Still, we do well not to let too many preconceptions of France fence Benjamin in. The curious thing about this British composer, who turns 50 on the last day of January, is that he has slowly and with extreme meticulousness carved out his own musical niche.

He’s been much written about, having made a splash in 1980 with “Ringed by the Flat Horizon.” His music seduces the ear and makes sense, yet his work and his development are not easy to describe. Despite its obvious influences, Benjamin’s music exerts a certain mystery.

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Stephen Adly Guirgis: The communion of plays

August 14, 2009 |  7:12 pm

Empty seats in a theater Playwright Stephen Adly Guirgis has been working like crazy on his new play, which will go up Saturday night at the Ojai Playwrights Conference. But he's taken time to give Culture Monster one last report before the big night. Here's a schedule of all the offerings at the conference, which ends Sunday.  

A couple of days ago, before we all got to know each other and get down to work, all the talk up here was, like; "Yo, isn't that the guy from 'Lost'?" "Hey look, there goes Bubbles from 'The Wire." "Isn't that the guy from that movie?" "Oh, that's the girl who busted heads and shot people up next to Colin Farrell in 'Miami Vice'!" "You see that woman -- she supposedly had an affair with Brando." "That dude over there, he was nominated for an Oscar back in '93!"

But the other day, Helene Gordon hosted a pool party at the Twin Peaks Ranch, and everybody got to know each other over drinks and swimming and chatting in the hot tub and commenting on the howling of the coyotes or the meteor shower up above. So now, it's all about warm hellos and let's get down to business.

And what's the business?

The business is all about new plays -- Dave's and Steve's and Frances' and Bill's and Leslie's and Lisa's and Jeanine's, and, um, mine -- which I just finished scrawling a draft of. And hopefully my director, Bob Egan, and the great actors, 'Dre, Tony, Nikia, Gary, and E-rod, won't hate me for

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Stephen Adly Guirgis: Working with the interns at Ojai

August 13, 2009 |  3:30 pm

Stephen-and-the-interns

Playwright Stephen Adly Guirgis ("In Arabia, We'd All Be Kings," "Jesus Hopped the 'A' Train") is spending a few weeks in Ojai as part of the Ojai Playwrights Conference. Today, he continues with his behind-the-scenes report on the happenings at the conference, which runs through this weekend.

The other day, I was given the opportunity to lead a workshop for our interns. Anyone who works with young people probably already knows that most of what you end up sharing with kids is stuff you're actually hoping to remind yourself of, so it was really gratifying to try to share what I could.

I spoke briefly to them about when Peter Sellars -- the brilliant genius and huge-hearted theater and opera director -- came by to visit my theater company, LAByrinth, in our old, condemned, dilapidated, crack-vial-strewn theater space back in 1993. We were all kids back then, and among other things, Peter talked passionately to us about "The Responsibility of the Artist," and he said something like this:

"The Responsibility of the Artist is to be like a tree. The function of a tree is to take in all the toxins and pollution and garbage in the world, filter it through its system, and produce oxygen so that we can breathe. The responsibility of the artist then, is to be like that tree: We are meant to take in all the toxins and garbage and evil nonsense in the world, filter it through our system, and then somehow produce oxygen [art] so that we, and those we would serve [the audiences], might breathe."

I don't know why I remember that quote, but it has served me well in my moments of artistic doubt and despair. The interns seemed to respond to it, and then we moved on and I gave them some fairly personal and challenging writing exercises to tackle, which they did, and then we read them aloud in a circle. I was really impressed, not just by their talent, but also by their willingness and fearlessness and their desire to commit and be open to whatever was thrown at them.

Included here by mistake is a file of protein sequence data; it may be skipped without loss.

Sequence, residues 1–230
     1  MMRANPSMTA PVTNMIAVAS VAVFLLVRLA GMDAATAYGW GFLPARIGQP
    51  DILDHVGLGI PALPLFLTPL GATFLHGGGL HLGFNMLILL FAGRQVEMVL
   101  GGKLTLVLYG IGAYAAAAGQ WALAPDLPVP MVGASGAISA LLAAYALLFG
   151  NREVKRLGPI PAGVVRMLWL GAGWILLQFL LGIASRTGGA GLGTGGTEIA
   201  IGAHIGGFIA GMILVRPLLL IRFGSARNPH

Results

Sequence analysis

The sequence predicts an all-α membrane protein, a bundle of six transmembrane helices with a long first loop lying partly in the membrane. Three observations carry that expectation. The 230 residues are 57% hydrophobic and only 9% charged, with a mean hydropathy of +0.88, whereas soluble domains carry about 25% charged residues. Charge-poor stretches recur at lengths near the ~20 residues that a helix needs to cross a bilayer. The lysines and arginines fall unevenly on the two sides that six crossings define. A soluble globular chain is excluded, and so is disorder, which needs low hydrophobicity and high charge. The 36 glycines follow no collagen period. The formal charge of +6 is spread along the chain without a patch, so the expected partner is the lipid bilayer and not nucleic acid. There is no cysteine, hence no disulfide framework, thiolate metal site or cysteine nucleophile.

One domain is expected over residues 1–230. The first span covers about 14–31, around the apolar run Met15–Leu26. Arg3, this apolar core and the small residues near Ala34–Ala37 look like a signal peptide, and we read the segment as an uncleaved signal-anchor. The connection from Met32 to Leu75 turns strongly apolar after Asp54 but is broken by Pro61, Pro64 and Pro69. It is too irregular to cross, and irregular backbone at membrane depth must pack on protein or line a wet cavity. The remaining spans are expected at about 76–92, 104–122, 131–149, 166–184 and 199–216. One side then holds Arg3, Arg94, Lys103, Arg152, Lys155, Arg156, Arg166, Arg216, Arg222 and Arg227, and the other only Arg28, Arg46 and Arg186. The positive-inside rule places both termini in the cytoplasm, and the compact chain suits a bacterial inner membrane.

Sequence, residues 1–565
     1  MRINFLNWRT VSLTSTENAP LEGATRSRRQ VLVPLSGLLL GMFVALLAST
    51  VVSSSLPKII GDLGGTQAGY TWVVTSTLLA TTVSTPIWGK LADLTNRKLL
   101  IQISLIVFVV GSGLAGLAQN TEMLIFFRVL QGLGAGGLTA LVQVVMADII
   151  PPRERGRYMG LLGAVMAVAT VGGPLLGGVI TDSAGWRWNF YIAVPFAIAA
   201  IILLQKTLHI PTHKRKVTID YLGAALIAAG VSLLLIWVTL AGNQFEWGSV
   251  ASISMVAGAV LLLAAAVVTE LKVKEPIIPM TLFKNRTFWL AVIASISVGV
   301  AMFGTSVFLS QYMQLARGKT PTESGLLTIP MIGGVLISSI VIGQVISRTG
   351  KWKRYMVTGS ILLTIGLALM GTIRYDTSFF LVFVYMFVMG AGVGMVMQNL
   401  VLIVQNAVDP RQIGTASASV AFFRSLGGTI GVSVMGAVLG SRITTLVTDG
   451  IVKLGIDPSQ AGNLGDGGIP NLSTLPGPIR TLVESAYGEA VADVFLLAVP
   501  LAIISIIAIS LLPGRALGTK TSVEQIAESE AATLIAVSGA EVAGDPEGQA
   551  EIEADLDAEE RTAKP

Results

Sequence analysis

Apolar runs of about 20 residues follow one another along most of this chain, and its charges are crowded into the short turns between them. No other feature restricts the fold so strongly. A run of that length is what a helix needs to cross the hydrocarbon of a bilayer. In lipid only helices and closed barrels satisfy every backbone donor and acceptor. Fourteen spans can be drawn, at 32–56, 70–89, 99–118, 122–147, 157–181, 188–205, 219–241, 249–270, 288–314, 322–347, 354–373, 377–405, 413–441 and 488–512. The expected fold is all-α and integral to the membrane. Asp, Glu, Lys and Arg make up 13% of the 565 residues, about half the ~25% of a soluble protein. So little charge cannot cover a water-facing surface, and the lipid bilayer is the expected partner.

We had a really good time, but we also bonded tighter as a unit. By the end of the workshop, the energy in the room was palpably different than when we had begun just two hours before. We did a lot of talking, a lot of working and writing, and a lot of sharing.

To end the session, I had them sit in a circle and take turns reading a paragraph or two at a time from an essay by Tennessee Williams called "The Catastrophe of Success." It's a tremendously honest and well-written treatise on the nature of life and art and being lost and found by the man who I believe is our greatest American playwright ever. Anyway, we all had a pretty good and moving time, and the interns were so good that I ended up casting all of them in my reading of this other play I'm working on up here that we just did.

The reading went really well, the kids were awesome, and we were aided immensely by Jeanine Tesori, who agreed to add some live piano to the reading. A day like today, it's exactly why I am and hopefully always will be in theater. I just love it.

-- Stephen Adly Guirgis

Related coverage : Stephen Adly Guirgis: At the Ojai Playwrights Conference

Credit: Will Cirocco

Stephen Adly Guirgis: At the Ojai Playwrights Conference

August 10, 2009 |  7:07 am

Stephen Adly Guirgis Each summer for more than a decade, a select group of playwrights from across the country has converged on the idyllic town of Ojai, north of Los Angeles, to escape the distractions of their everyday lives and write. So, for a week, guests at the Ojai Playwrights Conference write, rewrite and write some more alongside others there to write, rewrite and write some more.

Now in its 12th year, the conference offers playwrights a nurturing environment to develop and hone their works-in-progress before presenting readings to the public.

This year's event includes new plays by Stephen Belber, Bill Cain, Leslie Carrara-Rudolph, Frances Ya-Chu Cowhig, Stephen Adly Guirgis, David Wiener, Lisa Kron and Jeanine Tesori, as well as two symposiums, featuring Kron, Charlayne Woodard, Steve Connell, Sekou (tha Misfit),  Mozhan Marno and Carrara-Rudolph. A full schedule is here.

Culture Monster asked Guirgis, playwright, actor and co-artistic director of LAByrinth Theater Company in New York, to give us a behind-the-scenes look at the conference. Here's the first of his posts.

First days

I have already fallen head over heels for the brilliant, hot and award-winning playwright Lisa Kron -- and the fact that she is a lesbian only means I'll have to work a little harder to figure out a way to turn myself into a gay woman. Lisa and I were on the same flight from New York, and we had fish tacos at the Neptune's Nest in  Malibu, overlooking the ocean, on our way up to Ojai.